22-year-old UC Davis student W. (name withheld by request) was one of the students pepper-sprayed at point-blank range Friday by Lt. John Pike while seated on the ground, arms linked and silent.
W. tells Boing Boing that Pike sprayed them at close range with military-grade pepper spray, in a punitive manner. Pike knew the students by name from Thursday night when they "occupied" a campus plaza. The students offered Pike food and coffee and chatted with him and other officers while setting up tents. On Friday, UC Davis chancellor Linda Katehi told students they had to remove their #OWS tents for unspecified "health and safety" reasons.
"Move or we're going to shoot you," Pike is reported to have yelled at one student right before delivering pepper spray. Then, turning to his fellow officers and brandishing the can in the air, "Don't worry, I'm going to spray these kids down."
XJ: So, we see in the videos and photos that you were one of the students pepper-sprayed by Lieutenant John Pike yesterday. How are you doing today?
W: I still have a burning sensation in my throat, lips and nose, especially when I start coughing, or when I'm lying in bed. Everyone who got sprayed has sustained effects like this.
XJ: Can you tell us how it happened, from where you were sitting?
W: I'd pulled my beanie hat over my eyes, to protect my eyes. I received a lot of pepper spray in my throat. I vomited twice, right away, then spent the next hour or two dry heaving. Someone said they saw him spray down my throat intentionally, but I was so freaked out, and I was blinded by my hat, so I can't verify. I did get a large quantity of pepper spray in my lungs.
Another girl near me who has asthma had an attack triggered by the pepper spray, and she was taken to the hospital.
He used military grade pepper spray on us. It's supposed to be used at a minimum of 15 feet. But he sprayed us at point blank range. Another student, 20 years old, who was sprayed and then arrested—instead of receiving medical care for the pepper spray exposure, he was made to wait in the back of a police car. His hands were sprayed, and he had intense burning in his hands throughout the evening while he was being held. He asked a police officer what they could do to stop it, and they refused to give any advice.
XJ: Take us back to what led up to that moment. Friday's protest wasn't an isolated expression, or the beginning of the Occupy Wall Street movement on the university campus, right?
W: We'd been protesting at UC Davis for the last week. On Tuesday there was a rally organized by some faculty members in response to the brutality on the UC Berkeley campus, and in response to the proposed 81% tuition hike.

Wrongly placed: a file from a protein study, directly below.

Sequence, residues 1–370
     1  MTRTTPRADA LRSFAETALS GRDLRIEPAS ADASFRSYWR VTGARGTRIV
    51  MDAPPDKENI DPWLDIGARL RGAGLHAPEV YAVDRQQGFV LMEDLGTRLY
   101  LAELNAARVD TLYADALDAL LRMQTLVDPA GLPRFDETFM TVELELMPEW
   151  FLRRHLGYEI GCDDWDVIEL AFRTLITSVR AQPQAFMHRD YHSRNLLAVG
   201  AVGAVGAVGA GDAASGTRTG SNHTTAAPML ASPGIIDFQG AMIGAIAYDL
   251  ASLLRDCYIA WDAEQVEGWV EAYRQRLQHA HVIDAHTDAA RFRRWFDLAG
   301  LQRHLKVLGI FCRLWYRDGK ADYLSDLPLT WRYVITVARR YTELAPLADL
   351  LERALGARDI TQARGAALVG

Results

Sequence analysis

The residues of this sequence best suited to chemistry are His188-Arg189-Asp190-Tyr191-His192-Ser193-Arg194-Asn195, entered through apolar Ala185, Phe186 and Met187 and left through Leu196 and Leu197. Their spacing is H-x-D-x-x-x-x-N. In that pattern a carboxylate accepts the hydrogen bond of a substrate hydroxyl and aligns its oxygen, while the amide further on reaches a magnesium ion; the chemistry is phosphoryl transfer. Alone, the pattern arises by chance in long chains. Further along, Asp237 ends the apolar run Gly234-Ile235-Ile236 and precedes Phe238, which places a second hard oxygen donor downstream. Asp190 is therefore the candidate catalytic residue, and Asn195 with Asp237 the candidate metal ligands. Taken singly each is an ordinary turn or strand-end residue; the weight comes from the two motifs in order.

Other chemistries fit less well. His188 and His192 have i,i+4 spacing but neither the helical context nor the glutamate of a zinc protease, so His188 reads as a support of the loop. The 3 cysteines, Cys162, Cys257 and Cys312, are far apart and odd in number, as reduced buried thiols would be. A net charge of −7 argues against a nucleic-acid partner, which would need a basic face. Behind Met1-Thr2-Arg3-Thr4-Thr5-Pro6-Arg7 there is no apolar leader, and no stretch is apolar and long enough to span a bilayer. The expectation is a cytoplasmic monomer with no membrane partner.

One of the reasons I am involved with #OWS, and advocating for an occupy movement on the UC campus, is to fight privatization and austerity in the UC system, and fight rising tuition costs. I think that citizens have the right to get an education regardless of economic condition. Most people are not going to get a job where they can afford to pay off student loans. But to exclude people from knowledge is unconscionable.
The #OWS movement is global, but it's expressed locally in ways that are relevant to each city. People who are in NYC go to Wall Street. Oakland takes the port. At Davis, we have a university.
Photo:Brian Nguyen/The Aggie.
So the Tuesday protest was one of the biggest rallies on the campus since tuition hikes in 2009. That protest ended with a march around the campus, which led us to the administrative building. Sort of spontaneously, we all decided to occupy an area on the grounds and we stayed the night. The administration allowed it.
I had a wonderful conversation with Lieutenant Pike that night. I dialogued with him for a while. He was cordial to me. He knew me by name. We offered him coffee and food.
We have a food collective, and we are organizing to feed the occupiers with food we grow at the student farm. It was all really lovely.
On Wednesday there was the big protest in San Francisco, and striking at the UC regents meeting
over the proposed 81% tuition increase next year. The regents actually canceled their meeting because they knew we were coming, and they have since decided to do it by teleconference next Monday so we can't disrupt them.
UC Davis police cleared out the 15 or so protesters who remained in Mrak Hall while the rest of the occupiers had left for the demonstration in San Francisco.
We had another rally on Thursday, with a big General Assembly. We decided to have an occupation against the injustices we were facing, and on Thursday night there were 35 tents set up, with more planning on coming.
It was beautiful. We we had food, we sang songs, students were tutoring other students. We were talking about important issues, dialoguing over issues affecting our campus.
Chancellor Katehi agreed to let us waive the "no camping on campus" policy that night, and allowed us to stay there.
That same night, we went to the associated students of UC Davis student government meeting on campus, and we asked them for a resolution for peaceful protest without police intervention. We wrote it, they passed it, and we now had the support of the student body to have this protest, which was great.
The next morning we woke up, made breakfast, and had a lovely morning.
Pretty early on, before noon we got a letter from chancellor Katehi to please remove our tents, citing health and safety reasons, but not saying what those reasons are.
We took the letter, and replied more or less: look, we understand we're in violation of the camping code. But we believe that this is superseded by our first amendment rights.
On Friday, they delivered another letter: at 3pm your tents will be taken down. This letter was not signed, it was just one paragraph in a big ugly font. Not on letterhead.
"We are demanding you remove these tents by 3pm," it read, "You need to move to another area on the campus so we can remove these tents, and if you do not comply you will be arrested."
We talked amongst ourselves, and decided that we were going to stay. We spent the next few hours talking about tactics so our tents wouldn't get stolen. Maybe we'd go to the Occupy City of Davis camp, and just keep migrating so they couldn't take us down.